Evaluation of automatic exposure control in CT

Project: Research


Using automatic exposure control the tube current (radiation dose) can be adjusted according to each patient's anatomy and the study area in three dimensions. This technique has shown to be effective at reducing absorbed dose to patients undergoing CT examinations.

Today, all manufacturers offer automatic exposure control systems. Each system works in different ways, but the basic principle is that the user specifies a level of required image quality. Tube current, i.e. intensity of the radiation is then adapted to each patient's size, shape and attenuation so that the selected image quality level is achieved with improved radiation efficiency. Tube current is proportional to the radiation dose, i.e., a 50% reduction in tube current reduces the radiation dose to the patient by half.

We have investigated the potential for reducing radiation dose and thereby resulting image quality when automatic exposure control system from four different manufacturers are used; Siemens, Philips, General Electric and Toshiba. Measurements were performed using anthropomorphic phantoms. The results of our studies shows that the dose regulation systems adjust tube current similar to the anatomy of the respective phantom. E.g. for less dense objects such as the air-filled lungs that did not attenuate the radiation quite as much as the shoulder area with a lot of bone, it is possible to reduce the tube current and thus the radiation dose. The studies show that there are good opportunities to obtain significant dose reductions, about 50% for a CT chest examination. A common result was that the image noise increased, but the noise level became more consistent between different anatomical regions.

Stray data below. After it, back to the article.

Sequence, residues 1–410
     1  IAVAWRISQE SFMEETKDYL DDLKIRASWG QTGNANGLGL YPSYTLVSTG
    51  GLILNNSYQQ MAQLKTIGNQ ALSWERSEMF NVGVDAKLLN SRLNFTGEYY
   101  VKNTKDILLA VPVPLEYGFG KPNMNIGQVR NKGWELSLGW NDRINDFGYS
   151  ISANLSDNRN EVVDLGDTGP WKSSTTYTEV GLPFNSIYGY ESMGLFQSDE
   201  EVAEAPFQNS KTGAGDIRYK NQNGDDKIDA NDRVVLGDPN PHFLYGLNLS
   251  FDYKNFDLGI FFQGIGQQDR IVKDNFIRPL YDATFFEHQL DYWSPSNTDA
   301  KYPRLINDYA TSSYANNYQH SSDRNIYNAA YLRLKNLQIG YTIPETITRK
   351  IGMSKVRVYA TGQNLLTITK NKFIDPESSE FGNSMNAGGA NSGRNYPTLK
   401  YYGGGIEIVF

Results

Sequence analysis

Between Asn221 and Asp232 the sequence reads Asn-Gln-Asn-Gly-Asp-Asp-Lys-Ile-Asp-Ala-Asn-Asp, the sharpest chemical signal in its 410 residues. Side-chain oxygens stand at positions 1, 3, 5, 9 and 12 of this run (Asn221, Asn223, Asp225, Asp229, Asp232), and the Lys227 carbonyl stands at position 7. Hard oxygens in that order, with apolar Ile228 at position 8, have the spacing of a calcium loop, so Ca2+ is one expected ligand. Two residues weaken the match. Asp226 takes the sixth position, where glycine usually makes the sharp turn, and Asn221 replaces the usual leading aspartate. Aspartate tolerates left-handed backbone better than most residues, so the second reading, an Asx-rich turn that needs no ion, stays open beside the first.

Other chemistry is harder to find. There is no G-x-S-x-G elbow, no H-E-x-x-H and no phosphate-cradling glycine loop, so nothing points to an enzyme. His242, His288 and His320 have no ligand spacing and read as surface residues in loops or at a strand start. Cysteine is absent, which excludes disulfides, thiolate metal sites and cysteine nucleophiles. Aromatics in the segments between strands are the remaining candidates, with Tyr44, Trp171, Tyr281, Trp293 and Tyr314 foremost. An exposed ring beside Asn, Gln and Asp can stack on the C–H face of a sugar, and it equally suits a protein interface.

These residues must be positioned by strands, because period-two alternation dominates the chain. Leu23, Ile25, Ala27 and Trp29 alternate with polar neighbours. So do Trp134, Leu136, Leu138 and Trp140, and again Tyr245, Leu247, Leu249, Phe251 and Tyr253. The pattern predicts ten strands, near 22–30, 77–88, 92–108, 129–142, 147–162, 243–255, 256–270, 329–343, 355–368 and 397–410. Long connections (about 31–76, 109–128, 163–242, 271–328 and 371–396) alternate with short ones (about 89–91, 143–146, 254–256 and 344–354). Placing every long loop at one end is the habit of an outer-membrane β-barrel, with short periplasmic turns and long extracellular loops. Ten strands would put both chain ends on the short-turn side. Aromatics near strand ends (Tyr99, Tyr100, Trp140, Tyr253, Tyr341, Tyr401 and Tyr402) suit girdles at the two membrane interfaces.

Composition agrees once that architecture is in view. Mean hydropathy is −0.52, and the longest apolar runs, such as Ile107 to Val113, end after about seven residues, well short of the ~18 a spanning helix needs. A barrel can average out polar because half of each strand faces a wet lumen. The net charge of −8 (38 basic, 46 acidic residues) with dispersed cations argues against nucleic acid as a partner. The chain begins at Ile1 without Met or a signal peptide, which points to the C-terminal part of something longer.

StatusNot started


Related research output

Marcus Söderberg & La, S., 2013, Medical Imaging 2013: Physics of Medical Imaging. Robert M., N., Bruce R., W. & Christoph, H. (eds.). SPIE, Vol. 8668. p. 866833

Research output: Chapter in Book/Report/Conference proceedingPaper in conference proceeding

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